From: J. Egan
To: Francis Gibson,
Subject: Please oppose HB 96, Utah School Readiness Initiative
Date: Thu Feb 06 17:10:37 MST 2014
Body:
Dear Committee Member,

I am writing to ask you to oppose HB 96, the Utah School Readiness Initiative. While this bill sounds good, in that it would provide preschool for economically disadvantaged children, I believe it will not help them at all and that it will pave the way for future problems. For the first point, that it would not help the children, I want to point out that other such preschool programs for disadvantaged kids (such as Head Start), has not helped them at all - it may, in fact, only lead to peer orientation (looking to peers rather than adults for clues on how to behave), as these links show:

http://www.cato.org/publications/commentary/head-start-tragic-waste-money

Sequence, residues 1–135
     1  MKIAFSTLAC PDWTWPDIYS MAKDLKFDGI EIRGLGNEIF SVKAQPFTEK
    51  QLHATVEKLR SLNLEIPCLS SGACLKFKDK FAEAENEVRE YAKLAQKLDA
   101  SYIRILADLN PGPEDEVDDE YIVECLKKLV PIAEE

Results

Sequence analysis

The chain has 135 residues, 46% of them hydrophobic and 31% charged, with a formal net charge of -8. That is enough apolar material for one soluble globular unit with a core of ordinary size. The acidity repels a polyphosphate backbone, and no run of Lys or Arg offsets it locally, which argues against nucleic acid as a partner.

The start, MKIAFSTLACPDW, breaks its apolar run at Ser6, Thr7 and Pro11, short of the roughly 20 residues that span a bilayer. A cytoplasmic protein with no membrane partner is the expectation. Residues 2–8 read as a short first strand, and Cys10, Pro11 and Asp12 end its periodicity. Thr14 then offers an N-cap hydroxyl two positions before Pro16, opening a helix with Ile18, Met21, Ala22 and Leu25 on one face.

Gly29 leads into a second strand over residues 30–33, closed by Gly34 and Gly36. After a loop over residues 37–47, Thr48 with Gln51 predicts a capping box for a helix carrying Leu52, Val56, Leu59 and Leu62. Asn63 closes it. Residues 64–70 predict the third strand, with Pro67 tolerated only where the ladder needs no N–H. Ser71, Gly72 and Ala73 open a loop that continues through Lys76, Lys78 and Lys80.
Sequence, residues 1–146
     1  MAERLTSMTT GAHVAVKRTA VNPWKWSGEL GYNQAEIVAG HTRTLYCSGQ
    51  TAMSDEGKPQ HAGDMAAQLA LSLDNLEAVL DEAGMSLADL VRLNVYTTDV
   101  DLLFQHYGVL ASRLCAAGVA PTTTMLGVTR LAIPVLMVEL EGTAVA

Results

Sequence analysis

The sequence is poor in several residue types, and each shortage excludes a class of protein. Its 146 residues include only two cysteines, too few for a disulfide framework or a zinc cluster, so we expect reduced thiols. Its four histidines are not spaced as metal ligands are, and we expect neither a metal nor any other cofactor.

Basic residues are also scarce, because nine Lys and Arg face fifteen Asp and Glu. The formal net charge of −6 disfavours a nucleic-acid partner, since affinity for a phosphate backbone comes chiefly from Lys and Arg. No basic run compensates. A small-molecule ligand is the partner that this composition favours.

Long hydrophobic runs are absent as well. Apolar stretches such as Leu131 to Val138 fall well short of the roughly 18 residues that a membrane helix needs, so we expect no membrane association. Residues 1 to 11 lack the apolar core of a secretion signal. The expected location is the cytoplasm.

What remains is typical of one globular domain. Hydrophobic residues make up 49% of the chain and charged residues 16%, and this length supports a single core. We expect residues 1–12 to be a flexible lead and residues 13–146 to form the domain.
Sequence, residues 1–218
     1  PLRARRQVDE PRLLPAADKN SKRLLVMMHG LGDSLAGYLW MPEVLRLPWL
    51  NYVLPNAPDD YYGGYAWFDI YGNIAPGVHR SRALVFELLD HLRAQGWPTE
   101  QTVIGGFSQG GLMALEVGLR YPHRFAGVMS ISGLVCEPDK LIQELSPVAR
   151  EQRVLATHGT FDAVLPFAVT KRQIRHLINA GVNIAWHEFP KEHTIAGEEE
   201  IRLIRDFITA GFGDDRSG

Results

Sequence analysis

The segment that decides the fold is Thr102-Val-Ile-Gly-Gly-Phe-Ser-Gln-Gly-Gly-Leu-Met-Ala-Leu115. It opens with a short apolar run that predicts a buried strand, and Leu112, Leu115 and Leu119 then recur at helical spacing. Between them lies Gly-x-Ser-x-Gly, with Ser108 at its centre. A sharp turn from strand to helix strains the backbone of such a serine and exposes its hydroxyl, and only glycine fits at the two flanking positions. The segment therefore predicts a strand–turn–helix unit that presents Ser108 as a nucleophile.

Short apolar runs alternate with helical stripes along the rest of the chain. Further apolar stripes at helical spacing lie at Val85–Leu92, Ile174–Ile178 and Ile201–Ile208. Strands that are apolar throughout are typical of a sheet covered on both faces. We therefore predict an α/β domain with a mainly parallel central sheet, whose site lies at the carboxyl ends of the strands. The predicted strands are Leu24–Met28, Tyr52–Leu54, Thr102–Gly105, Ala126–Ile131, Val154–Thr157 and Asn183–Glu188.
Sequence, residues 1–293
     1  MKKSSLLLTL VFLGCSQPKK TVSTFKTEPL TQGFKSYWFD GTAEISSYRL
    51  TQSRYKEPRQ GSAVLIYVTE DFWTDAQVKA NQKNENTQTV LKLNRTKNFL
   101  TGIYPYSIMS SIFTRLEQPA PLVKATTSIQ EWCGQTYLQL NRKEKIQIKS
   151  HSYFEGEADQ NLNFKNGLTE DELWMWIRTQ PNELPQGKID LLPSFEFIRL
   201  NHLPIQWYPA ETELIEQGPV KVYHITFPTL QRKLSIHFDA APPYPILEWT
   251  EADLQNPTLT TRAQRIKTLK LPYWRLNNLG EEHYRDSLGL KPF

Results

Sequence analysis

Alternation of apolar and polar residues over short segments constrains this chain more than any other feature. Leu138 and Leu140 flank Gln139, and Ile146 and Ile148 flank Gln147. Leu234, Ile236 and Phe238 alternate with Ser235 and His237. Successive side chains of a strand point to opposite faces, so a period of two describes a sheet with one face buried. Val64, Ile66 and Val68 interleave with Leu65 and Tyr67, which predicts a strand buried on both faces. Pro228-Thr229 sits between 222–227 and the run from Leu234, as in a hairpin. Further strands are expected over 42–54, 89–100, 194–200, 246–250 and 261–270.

http://www.imfcanada.org/issues/nurturing-children-why-early-learning-does-not-help

What would help these children is to stay home with a parent. I know that for many of these children, that may not be economically possible, but since research has shown that it makes no difference for them to go to a preschool program, why waste the precious funds?

For the last point, I worry about data tracking that would start with these preschool students, were this bill implemented. An LEA eligible to receive this grant must have "a data system capacity to collect longitudinal academic outcome data, including special education use by student, by identifying each student with a statewide unique student identifier" (line 85). While I understand the need to collect data to determine if a program is helpful, only aggregate data should be collected - being able to identify the student individually means an invasion of privacy! This data would undoubtedly go to the   Common Core P20W database Utah has already established. 

Please oppose this bill. At the very best, it is useless and a waste of money. At its worst, it would pave the way for future data-tracking of students who are not at risk.

Thank you,

Jessica Egan, a concerned parent